Albera Viva Randonnée. Sunday 16th December. Sorède – Roc
de les Medes – Ultréra – Chapelle, Notre Dame du Château
Winding our way high into the hills that form the Vallée ˙
Heureuse, we soon enjoyed a bird’s eye view that stretched
along the Côte Vermeille towards Perpignan and encompassed
Canigou and the chain of the Pyrénées. Mt Bugarach and the
Corbières were visible in the distance, thanks to the crystal
clear 17ªC day – perfect for a randonnée.
Perched on a rock, with Argelès-sur-Mer clinging to the
Mediterranean coast below, le Château d’Ultréra’s name is
derived from ‘vulture’. Lower ramparts, with their stones in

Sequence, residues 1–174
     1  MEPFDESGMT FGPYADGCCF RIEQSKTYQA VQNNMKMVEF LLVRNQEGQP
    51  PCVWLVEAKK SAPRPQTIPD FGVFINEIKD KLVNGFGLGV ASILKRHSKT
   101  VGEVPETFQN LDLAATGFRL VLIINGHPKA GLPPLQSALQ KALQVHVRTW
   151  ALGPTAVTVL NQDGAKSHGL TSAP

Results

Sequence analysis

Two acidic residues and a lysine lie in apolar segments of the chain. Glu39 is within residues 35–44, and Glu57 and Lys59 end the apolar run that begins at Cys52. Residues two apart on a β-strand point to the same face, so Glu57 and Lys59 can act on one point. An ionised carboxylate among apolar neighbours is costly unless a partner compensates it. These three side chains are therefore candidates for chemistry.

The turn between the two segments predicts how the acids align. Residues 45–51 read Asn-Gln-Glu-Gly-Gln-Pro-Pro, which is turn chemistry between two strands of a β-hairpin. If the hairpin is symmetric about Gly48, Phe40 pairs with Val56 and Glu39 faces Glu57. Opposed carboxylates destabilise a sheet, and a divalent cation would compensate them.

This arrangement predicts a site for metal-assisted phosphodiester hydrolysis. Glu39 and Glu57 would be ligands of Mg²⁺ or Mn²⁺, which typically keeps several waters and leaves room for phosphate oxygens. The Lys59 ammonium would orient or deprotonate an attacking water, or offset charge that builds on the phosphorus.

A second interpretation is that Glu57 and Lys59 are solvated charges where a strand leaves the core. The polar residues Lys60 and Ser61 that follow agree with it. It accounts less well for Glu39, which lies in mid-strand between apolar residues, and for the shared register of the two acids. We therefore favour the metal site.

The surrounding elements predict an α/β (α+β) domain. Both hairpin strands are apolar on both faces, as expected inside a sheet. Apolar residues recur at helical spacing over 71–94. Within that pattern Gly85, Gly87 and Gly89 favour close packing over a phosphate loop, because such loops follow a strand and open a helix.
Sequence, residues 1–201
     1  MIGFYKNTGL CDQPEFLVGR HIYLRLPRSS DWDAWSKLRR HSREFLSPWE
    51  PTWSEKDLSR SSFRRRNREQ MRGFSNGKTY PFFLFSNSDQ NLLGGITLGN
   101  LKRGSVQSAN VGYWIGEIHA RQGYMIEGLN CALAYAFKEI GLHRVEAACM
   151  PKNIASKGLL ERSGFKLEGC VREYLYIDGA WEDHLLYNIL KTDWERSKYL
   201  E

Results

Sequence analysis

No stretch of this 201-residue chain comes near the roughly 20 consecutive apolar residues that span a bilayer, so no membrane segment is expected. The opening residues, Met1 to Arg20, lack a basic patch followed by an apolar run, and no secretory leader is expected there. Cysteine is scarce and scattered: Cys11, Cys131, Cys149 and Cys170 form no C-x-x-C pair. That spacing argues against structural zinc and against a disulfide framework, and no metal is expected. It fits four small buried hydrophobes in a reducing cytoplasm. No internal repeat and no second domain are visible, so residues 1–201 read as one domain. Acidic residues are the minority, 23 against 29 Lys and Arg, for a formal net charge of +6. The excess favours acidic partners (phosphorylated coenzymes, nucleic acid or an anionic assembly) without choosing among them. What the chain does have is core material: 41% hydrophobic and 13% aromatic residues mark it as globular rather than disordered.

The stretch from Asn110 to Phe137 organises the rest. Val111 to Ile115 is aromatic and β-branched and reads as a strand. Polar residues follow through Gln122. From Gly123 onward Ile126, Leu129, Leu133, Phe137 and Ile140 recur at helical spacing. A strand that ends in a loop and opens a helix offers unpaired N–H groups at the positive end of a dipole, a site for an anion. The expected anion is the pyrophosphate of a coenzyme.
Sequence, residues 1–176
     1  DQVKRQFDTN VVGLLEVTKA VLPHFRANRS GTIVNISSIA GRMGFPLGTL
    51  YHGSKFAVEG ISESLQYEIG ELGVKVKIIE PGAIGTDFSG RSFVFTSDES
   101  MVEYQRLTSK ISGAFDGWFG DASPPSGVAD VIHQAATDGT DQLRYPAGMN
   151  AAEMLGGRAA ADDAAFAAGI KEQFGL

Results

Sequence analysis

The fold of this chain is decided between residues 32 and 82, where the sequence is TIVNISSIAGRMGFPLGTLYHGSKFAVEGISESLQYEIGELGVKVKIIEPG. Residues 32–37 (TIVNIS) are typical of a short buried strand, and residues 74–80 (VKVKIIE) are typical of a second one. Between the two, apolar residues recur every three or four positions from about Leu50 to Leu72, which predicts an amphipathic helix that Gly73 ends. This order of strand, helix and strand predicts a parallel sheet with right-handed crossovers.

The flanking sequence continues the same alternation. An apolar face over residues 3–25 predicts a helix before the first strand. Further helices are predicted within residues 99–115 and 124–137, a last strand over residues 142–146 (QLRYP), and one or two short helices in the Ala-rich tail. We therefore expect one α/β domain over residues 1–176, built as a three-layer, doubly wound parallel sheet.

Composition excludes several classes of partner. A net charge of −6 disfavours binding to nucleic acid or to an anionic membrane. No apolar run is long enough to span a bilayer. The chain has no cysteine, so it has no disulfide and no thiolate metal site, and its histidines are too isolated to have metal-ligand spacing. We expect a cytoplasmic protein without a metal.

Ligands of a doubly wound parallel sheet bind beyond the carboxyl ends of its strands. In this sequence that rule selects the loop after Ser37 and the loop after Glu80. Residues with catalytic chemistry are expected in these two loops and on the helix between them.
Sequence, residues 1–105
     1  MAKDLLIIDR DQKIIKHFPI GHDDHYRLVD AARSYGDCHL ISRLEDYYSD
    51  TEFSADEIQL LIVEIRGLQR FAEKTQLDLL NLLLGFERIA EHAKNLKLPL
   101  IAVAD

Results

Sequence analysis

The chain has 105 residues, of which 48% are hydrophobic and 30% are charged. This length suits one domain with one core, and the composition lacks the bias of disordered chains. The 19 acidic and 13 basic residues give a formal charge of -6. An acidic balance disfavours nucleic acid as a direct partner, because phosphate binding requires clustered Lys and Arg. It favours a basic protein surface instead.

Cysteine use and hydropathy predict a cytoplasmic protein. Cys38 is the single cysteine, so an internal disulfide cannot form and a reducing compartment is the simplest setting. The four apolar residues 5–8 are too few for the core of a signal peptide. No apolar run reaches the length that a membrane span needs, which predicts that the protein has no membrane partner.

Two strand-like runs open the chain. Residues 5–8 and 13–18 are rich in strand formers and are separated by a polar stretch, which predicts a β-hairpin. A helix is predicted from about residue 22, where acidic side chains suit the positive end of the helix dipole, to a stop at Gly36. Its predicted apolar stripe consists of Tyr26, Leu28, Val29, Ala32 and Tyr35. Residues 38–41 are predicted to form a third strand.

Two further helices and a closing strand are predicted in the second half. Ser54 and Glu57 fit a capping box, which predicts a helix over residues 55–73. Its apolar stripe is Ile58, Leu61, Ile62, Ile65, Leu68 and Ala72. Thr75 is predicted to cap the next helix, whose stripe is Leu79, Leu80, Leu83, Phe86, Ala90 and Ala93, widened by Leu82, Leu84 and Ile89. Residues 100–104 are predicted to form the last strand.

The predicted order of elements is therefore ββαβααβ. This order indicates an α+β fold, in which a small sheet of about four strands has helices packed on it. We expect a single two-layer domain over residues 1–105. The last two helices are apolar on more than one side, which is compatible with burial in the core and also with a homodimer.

‘arête de poisson’ or ‘fish bone’formation, date to the 6th
Century, yet its origins are Roman.
Transformed into a Visigoth stronghold, the site changed hands
throughout many ages until finally being destroyed, upon the
signing of the Treaty of the Pyrénées in 1659 – due to its
strategic defensive position as it could just as easily be
used for the eye of the ‘enemy’, the enduring legacy of the
frontière, as layer upon layer of settlement marks the passage
of the ‘possessors’ of this terrain.
Now in Roussillon, the only reminder of its former grandeur is
inside Notre Dame du Château, just below the château’s towering
edifice in the shadows of the mountain. Having already survived
its move to safety and then fire, the chapel’s altarpiece and
side entrance marbles allow a glimpse of the age of the seigneurs
of the region.